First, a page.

Women Negotiate as Occupation Continues

As the women at the Boston Women's Center at 888 Memorial Drive spent yesterday preparing to resist a possible bust by Cambridge police, two representatives of the women's group met unofficially with Mary I. Bunting, President of Radcliffe, to discuss the three demands issued last Sunday.

"I'm not a bit optimistic about negotiations with any group taking over a building by force," Bunting said last night. "I don't think Harvard wants to negotiate with anyone who has taken over the building. I don't think the situation is very optimistic. The last thing Harvard wants is a bust, but there don't seem to be many other options."

Bunting stressed that she was not at the meeting as a representative of Harvard. "I had simply been invited by them to discuss the demands and was interested in seeing what they really wanted," she added.

Last night, Harvard representatives and an attorney for the women's group held a closed, informal discussion, according to one of the participants in the discussion.

However, Archibald Cox '34, University crisis manager, firmly denied in a statement released yesterday at 5 p.m. that any official negotiations were taking place. The statement read:

"The University continues to hope that good sense will prevail and the occupants of 888 Memorial Drive withdraw from the building, as ordered by the Superior Court. A number of interested persons, in an effort to help, have discussed possible ways of bringing about this result. Their efforts are appreciated. No one has been authorized to negotiate on behalf of the University and, to the best of my knowledge, no one has."

Informed faculty sources said last night that Cox-who all along has had authority to request a police raid-received a vote of confidence from other high officials to order a bust without further consultation.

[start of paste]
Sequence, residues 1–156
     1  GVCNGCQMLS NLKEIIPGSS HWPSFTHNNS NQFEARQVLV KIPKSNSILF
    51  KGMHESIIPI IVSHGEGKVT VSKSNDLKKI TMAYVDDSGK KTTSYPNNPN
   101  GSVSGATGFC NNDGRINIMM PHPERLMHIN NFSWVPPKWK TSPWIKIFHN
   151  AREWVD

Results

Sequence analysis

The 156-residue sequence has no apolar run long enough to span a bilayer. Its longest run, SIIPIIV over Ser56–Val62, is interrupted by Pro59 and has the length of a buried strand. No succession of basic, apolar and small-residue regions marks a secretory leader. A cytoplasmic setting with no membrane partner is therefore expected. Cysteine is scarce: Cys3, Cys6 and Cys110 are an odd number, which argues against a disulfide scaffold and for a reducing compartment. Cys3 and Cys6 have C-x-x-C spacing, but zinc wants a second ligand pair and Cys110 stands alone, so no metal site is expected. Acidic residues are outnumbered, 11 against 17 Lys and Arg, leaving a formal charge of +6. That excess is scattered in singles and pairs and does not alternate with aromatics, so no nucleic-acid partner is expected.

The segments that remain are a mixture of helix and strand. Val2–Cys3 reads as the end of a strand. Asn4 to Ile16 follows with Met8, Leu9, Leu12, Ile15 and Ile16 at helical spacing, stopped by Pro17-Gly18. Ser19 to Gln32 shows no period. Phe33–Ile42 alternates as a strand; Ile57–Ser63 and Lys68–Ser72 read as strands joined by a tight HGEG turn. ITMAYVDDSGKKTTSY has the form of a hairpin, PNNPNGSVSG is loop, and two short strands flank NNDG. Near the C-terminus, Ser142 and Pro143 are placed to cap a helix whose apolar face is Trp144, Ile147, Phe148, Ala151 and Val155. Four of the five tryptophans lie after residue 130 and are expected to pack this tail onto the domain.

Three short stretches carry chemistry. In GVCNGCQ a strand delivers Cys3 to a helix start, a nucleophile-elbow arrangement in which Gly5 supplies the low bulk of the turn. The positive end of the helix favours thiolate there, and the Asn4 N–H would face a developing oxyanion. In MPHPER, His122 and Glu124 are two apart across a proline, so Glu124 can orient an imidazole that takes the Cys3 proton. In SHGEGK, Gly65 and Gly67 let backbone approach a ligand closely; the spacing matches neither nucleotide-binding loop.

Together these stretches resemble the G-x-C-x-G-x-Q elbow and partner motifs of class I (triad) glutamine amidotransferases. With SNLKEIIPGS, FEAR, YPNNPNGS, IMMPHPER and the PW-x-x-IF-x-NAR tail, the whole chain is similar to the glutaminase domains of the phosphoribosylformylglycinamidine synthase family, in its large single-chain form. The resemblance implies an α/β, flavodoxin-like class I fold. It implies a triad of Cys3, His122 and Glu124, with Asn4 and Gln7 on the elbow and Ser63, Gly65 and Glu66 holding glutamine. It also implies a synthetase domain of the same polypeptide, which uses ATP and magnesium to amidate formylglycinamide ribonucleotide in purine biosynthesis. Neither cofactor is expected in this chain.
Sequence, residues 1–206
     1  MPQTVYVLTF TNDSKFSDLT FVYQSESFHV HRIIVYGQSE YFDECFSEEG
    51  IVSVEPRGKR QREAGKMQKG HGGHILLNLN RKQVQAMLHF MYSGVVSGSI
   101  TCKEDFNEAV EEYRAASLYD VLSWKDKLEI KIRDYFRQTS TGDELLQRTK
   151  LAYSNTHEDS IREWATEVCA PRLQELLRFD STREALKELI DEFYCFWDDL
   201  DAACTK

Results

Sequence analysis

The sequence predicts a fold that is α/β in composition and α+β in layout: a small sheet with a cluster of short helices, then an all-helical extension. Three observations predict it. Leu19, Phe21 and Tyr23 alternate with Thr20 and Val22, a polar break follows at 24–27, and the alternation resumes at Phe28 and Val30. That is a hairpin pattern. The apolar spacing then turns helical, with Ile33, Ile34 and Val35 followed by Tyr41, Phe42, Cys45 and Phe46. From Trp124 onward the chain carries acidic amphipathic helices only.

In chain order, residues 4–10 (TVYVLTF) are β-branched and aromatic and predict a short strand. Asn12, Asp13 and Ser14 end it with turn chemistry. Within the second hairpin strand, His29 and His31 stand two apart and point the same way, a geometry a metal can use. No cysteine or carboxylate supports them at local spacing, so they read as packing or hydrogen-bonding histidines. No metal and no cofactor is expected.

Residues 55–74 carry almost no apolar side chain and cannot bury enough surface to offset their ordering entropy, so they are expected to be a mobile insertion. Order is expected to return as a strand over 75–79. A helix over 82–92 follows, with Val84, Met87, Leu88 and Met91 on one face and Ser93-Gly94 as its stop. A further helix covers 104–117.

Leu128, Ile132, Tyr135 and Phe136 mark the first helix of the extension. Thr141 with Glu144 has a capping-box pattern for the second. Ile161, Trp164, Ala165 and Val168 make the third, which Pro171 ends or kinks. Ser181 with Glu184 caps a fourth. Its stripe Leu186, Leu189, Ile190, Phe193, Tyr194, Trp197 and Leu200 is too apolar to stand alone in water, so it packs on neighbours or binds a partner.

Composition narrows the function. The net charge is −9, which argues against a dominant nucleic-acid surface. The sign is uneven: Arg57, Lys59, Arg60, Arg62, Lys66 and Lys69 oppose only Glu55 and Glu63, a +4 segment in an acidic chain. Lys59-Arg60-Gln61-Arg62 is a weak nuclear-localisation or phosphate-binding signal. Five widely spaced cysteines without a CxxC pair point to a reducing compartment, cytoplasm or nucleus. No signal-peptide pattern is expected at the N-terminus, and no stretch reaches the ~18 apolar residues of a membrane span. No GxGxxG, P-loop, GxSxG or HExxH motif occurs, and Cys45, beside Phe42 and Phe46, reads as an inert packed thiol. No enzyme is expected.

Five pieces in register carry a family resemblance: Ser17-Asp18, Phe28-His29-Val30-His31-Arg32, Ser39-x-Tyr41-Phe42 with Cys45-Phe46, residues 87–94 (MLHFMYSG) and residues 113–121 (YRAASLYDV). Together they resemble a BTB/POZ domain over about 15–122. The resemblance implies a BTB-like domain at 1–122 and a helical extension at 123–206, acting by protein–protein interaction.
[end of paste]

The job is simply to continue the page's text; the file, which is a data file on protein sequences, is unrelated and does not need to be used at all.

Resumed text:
The sources hinted that Cox would order the raid within a day.

Two meetings have been held since yesterday with Cox, Charles P. Whitlock, assistant dean of the College, and the House Masters to discuss whether the bust would be advisable.

One House Master, who does not wish to be identified, said that Whitlock had telephoned him last night to ask what he thought student reactions would be to bust at the women's center.

The Master said, "I don't think there will be a bust tonight," adding that "the proceedings will be very cautions."

A tutor in another House confirmed that a call had also been made to the Master of his House concerning student reaction to a bust.

The three demands issued by the

women's group last Sunday are that Harvard:

Build low-income housing on this site according to the Riverside community's demands;

Provide a women's center to serve the needs of Boston-area women; and

Give the women full use of the Memorial Drive Building until it is torn down to build low-cost housing.


Meanwhile, inside the occupied building, the mood was tense as the group of about 60 women prepared for the expected bust-especially at 10 a.m. and 3 p.m. when the rumored police bust seemed most imminent. Meetings were held throughout the morning to discuss tactics to be used against the police.

As the day wore on, tension decreased and the Center's activities proceeded on schedule. Auto mechanics classes and karate classes were held as planned; food was cooked; children were cared for.

Waiting for Godot

Throughout the day a small crowd, waiting for the bust, milled outside the entrance of the Memorial Drive building. The largest number-about 70 people-gathered at 10 a.m. when the police were most expected.

A mailman momentarily became the center of attention when he appeared at 11:15 a.m. with a letter addressed "Women's Liberation Front, 888 Memorial Drive."

Curiosity prevailed and the women nominated a male "secretary" to accept the letter for the group. Apparently the letter was innocuous and was later brought into the building.